There has been a vigorous internal debate among Sudanese Islamists over the last five years about what went so disastrously wrong in their movement. One conclusion, widely accepted by Islamist leaders, is that it was a mistake to embrace a political strategy of putchism. As argued by Abdel Wahab al Effendi on this blog on 13 April, the Islamist movement itself became the victim of the coup. Today, most leading Islamists argue in support of stability and civil politics and against any armed takeover of power.
Did Khalil truly believe that he could capture the national capital with a force of about 3,000 men? Taking into account Khalil’s own words after the attack, the answer seems to be yes. Three reasons explain this hubris.
First is the logic of the Black Book—Khalil seems truly to believe that he can instigate a popular uprising of Sudan’s black majority against the minority ruling elite. There is a history of comparable beliefs among guerrilla fighters, including most famously Che Guevara’s foco-ism—the doctrine that a small guerrilla band could start a revolution, in part by provoking a government to respond with disproportionate terror, thereby revealing its ‘true face’ and prompting the masses to rise in revolt. A small precursor of the Omdurman operation was JEM’s baiting of the regime in West Darfur earlier this year, which duly brought about the government’s counter-offensive in Jebel Mun and a new round of slaughter. This conflict served Khalil’s purposes: he won daily publicity for JEM as a resistance front and a new round of condemnation against a regime that he has campaigned since early 2004, if not earlier, to portray as genocidal.
Over the last two years, Khalil has repeatedly stated his intention to storm Khartoum, and observers have not taken him seriously. It was an error not to listen to Khalil’s statements: his ultimate aim and grand strategy have been consistent over the years. In the last four days, Khalil didn’t succeed in either pulling off a coup or instigating a mass uprising. But he has threatened to try again and let us be clear that he is serious. The sheer audacity of his action has won him acclaim among many Sudanese who aspire for revolutionary change in their country.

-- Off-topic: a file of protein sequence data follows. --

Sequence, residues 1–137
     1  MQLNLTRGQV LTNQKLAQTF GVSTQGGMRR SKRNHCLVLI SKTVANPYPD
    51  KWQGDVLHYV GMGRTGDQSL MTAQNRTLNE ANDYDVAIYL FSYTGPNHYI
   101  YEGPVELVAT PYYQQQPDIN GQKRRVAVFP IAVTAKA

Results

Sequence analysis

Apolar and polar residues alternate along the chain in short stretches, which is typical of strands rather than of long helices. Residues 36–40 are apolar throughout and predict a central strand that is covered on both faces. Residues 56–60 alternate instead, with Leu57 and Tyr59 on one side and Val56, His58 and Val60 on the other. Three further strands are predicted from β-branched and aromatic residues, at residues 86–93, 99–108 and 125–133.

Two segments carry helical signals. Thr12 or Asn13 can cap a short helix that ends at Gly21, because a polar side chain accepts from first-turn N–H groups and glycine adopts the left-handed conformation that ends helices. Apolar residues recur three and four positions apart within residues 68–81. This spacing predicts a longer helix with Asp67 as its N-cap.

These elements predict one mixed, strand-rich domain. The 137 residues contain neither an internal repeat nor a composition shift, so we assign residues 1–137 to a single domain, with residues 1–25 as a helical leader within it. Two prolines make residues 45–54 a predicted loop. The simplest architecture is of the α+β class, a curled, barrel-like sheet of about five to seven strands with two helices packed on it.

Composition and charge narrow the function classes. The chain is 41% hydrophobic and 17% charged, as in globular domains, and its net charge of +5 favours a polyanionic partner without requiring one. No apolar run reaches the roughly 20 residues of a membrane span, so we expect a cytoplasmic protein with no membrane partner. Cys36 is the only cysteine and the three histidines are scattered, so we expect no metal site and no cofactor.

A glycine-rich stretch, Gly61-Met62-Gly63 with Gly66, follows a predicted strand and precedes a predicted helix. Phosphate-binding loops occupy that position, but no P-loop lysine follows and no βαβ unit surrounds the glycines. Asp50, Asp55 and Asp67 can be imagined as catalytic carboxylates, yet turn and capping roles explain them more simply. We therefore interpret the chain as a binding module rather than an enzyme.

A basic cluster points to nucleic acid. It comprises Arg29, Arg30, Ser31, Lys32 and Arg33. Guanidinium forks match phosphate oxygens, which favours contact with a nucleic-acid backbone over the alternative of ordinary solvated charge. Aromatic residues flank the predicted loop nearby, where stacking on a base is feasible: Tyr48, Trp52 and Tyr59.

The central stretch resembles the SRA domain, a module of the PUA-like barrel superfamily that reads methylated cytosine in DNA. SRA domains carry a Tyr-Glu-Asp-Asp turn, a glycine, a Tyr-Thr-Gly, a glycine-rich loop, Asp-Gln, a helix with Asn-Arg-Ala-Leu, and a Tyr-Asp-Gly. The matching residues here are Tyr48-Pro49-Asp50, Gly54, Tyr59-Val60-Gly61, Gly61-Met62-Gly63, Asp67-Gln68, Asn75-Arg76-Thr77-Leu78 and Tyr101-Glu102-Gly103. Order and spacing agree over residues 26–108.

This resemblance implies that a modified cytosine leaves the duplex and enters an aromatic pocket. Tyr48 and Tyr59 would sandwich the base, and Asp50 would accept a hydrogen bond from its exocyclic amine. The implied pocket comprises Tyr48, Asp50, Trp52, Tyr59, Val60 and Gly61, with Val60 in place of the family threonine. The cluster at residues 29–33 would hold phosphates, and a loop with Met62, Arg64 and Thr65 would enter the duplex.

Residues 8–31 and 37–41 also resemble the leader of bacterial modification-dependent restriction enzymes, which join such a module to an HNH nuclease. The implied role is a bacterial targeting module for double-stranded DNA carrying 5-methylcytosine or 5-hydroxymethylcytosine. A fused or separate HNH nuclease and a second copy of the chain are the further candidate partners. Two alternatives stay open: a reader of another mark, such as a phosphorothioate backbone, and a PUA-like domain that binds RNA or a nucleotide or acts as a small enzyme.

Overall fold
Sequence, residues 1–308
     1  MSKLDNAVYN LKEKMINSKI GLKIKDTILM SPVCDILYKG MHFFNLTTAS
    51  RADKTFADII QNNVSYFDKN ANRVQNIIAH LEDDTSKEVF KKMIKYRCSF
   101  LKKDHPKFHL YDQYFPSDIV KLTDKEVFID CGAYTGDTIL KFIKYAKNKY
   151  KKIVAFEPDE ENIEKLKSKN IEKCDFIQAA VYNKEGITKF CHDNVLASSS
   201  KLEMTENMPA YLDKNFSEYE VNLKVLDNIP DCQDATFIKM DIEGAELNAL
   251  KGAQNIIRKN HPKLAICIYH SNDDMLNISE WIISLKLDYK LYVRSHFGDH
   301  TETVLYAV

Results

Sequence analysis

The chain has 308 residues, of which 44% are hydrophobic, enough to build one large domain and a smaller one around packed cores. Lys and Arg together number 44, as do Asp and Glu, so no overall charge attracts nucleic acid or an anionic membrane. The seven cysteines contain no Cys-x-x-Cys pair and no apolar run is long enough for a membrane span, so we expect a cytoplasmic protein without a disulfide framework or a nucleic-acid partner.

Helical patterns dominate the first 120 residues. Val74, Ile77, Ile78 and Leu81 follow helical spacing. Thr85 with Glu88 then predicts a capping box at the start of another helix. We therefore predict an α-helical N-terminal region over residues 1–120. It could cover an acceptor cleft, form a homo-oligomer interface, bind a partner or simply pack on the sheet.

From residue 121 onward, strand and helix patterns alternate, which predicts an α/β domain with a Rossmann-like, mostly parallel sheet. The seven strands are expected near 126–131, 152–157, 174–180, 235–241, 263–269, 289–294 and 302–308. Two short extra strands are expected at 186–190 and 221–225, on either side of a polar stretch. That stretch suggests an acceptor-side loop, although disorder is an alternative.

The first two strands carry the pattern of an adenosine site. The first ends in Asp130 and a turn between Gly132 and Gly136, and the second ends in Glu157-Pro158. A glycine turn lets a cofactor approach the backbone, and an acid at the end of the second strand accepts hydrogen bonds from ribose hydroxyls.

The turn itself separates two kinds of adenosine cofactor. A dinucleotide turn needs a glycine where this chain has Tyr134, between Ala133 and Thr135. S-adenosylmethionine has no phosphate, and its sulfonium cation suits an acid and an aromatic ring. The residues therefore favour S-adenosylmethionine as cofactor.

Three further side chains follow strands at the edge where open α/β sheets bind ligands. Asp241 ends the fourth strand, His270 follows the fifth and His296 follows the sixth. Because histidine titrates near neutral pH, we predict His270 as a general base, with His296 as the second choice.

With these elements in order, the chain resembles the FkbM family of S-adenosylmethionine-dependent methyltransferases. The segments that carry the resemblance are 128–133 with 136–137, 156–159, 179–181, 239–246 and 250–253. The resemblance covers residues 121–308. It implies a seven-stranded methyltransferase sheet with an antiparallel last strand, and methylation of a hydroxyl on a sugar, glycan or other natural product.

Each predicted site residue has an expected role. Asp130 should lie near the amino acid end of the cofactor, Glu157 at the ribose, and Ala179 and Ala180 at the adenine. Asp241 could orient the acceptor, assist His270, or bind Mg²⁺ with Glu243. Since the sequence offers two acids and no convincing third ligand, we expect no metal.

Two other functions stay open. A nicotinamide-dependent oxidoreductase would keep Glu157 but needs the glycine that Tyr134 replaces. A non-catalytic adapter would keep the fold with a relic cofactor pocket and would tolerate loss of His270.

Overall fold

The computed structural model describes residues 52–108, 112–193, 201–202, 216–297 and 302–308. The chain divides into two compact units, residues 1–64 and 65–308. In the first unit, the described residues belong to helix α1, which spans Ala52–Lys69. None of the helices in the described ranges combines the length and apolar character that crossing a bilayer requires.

A second explanation for Khalil’s confidence may lie in the Islamist variant of Guevara’s doctrine. The purest jihad is one waged by a small, outnumbered force of committed Muslims, whose faith is so strong that the Almighty intervenes on their behalf to deliver victory. In the writings of Sayed Qutb, this irrational or transcendental function is central to jihad. Although JEM is not a recognizably jihadist movement, it is possible that Khalil personally retains this imprint of jihadism. Khalil has never disavowed his political Islam though, like his erstwhile mentor Turabi, he has sought to build a wider front to support his ambitions.
And a third explanation for the extraordinary boldness of the attack is the character of Khalil himself—arrogant, propelled by self-belief, and convinced of that his cause will win through. Some rebel commanders believe his attack on the capital, which they believe was doomed to fail, was ‘suicidal’: Darfurians followed him to Omdurman not because they had any liking for JEM, but because they had lost hope of changing their wretched existence without changing the regime. So far, however, against all odds, Khalil has managed to bring JEM it back from the brink of insignificance to be Darfur’s biggest military force. He has shrugged off condemnation by western governments and sanctioning by the UN Security Council. His repeated offensives in different parts of Darfur and into Kordofan have passed without international condemnation, which has been reserved for Khartoum’s responses. His strategy of escalation and confrontation succeeded. Why not make a bid for the biggest prize of all, the prize he has always been after?